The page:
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Christiana has a learning disability and recently graduated from high school thanks to AFC's assistance securing the support she needed to learn.

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07.27.2015 | WNYC Schoolbook | Every school has access to over-the-phone interpretation services, but the NYIC surveyed 175 parents this year and found that only six percent of them had ever used it. “Language Line is available in more than 200 languages,” said Abja Midha, Project Director for Immigrant Students’ Rights at Advocates for Children, the second firm that filed the 2012 suit. “This is a great resource the city has available and that schools have available in order to communicate with parents.” The NYIC’s survey, which came out last month, found that more than half of parents had used their children or other students as interpreters. According to Midha, even when there is interpretation, many times it’s unprofessional. She said many times teachers or school psychologists serve as untrained interpreters, often telling parents what to do and not being neutral. Read article

07.15.2015 | Chalkbeat New York | Rubel worries that English language learners and students with disabilities could be disproportionately affected. Of the roughly 9,600 English language learners who took the new test in 2014, when the old test was available as a safety net, 26 percent passed. Of the larger group who took the old exam over three test administrations last school year — more than 23,700 students — half passed. “To see these numbers I think really raises some concerns about what graduation rates will look like in the next couple of years, especially in New York City, which has such a large population of high-need students,” said Christian Villenas, a senior policy analyst with Advocates for Children of New York. “This is very troubling.” Read article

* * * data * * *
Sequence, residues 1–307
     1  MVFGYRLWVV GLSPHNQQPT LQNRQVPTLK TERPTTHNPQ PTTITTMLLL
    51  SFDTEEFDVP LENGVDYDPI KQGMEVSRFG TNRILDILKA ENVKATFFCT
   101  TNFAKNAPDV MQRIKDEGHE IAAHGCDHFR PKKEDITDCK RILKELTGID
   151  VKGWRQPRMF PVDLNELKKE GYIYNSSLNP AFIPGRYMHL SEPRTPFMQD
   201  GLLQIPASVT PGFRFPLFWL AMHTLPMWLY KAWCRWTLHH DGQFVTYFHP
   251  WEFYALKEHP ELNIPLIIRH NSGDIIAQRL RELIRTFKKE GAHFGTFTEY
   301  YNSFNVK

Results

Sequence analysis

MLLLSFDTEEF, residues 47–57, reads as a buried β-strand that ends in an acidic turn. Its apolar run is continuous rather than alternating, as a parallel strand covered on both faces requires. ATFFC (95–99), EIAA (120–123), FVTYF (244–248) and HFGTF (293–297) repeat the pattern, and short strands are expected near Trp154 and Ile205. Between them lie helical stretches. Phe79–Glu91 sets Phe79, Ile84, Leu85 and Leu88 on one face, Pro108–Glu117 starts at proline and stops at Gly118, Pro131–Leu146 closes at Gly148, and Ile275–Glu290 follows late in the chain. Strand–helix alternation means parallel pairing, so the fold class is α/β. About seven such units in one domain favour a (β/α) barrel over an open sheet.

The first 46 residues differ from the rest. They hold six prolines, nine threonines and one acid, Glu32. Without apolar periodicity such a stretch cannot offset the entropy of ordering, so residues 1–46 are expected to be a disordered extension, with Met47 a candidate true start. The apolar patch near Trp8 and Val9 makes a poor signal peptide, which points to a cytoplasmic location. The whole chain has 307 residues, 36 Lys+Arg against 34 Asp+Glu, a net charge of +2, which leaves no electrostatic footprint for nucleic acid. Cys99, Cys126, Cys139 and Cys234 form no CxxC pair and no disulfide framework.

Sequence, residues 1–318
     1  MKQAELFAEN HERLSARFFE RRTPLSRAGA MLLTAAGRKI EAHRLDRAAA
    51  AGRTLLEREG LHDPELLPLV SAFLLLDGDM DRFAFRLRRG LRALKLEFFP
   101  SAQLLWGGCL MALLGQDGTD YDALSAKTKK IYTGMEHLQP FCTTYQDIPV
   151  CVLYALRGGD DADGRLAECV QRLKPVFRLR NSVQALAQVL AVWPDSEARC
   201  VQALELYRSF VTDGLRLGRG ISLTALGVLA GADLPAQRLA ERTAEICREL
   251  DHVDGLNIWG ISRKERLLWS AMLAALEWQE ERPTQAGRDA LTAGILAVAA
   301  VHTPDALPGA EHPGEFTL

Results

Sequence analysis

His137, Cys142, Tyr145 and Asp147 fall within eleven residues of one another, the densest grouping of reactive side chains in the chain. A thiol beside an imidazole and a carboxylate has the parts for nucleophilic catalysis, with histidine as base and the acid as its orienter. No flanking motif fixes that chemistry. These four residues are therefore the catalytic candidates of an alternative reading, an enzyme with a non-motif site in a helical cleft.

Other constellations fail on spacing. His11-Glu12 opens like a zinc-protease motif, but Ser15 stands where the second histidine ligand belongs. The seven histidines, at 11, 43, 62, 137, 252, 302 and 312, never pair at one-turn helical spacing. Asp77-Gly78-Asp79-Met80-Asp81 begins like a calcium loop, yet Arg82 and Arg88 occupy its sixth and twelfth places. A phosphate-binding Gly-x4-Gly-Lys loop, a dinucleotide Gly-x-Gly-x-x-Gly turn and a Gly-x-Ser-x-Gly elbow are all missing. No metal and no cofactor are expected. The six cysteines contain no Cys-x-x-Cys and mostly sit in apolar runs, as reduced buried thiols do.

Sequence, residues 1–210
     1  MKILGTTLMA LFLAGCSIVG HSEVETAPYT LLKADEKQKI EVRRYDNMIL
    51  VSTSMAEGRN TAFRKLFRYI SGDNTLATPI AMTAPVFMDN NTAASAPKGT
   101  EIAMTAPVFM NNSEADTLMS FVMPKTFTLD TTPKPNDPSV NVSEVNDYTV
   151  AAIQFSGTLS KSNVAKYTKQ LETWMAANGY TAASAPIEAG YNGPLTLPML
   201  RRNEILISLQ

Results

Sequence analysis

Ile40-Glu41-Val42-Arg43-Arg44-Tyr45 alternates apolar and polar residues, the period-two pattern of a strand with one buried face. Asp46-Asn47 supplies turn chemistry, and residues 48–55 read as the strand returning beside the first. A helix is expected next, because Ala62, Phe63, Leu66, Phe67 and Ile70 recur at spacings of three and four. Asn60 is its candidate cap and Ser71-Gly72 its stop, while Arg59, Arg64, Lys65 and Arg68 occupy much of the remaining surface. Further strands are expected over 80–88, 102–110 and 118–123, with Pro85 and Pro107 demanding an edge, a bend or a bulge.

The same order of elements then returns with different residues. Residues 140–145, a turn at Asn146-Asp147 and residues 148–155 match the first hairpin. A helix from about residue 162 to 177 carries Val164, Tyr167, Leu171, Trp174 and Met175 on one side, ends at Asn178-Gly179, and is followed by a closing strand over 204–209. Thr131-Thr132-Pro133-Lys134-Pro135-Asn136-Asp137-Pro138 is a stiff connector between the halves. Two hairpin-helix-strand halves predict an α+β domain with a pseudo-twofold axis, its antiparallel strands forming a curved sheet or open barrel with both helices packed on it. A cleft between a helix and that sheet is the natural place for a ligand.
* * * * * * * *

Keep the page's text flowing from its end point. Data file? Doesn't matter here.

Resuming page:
07.13.2015 | Chalkbeat New York | Finally, she contacted the nonprofit Advocates for Children, which flagged her case for the education department in February. Amira finally was evaluated the next month — two years after Barrett’s first request. “Two years in the life of a six-year-old is a third of her life,” said Maggie Moroff, Advocates for Children’s special education policy coordinator. An education department spokesman said that while privacy laws prevent the agency from commenting on individual cases, it is committed to making sure all students get the help they need. But Moroff said the city had fumbled Barrett’s case. “This is a parent who did everything right,” she said. “And it just wasn’t happening.” Read article

07.07.2015 | WNYC Schoolbook | Maggie Moroff, a special education policy coordinator with the group Advocates for Children, said she was still waiting for more clarity around this whole process. "Obviously, parents had a horrible time getting the help they needed under the old system," she said. "So, if this new system actually allows parents to connect easily with people who can solve their problems, that will be a huge improvement." Read article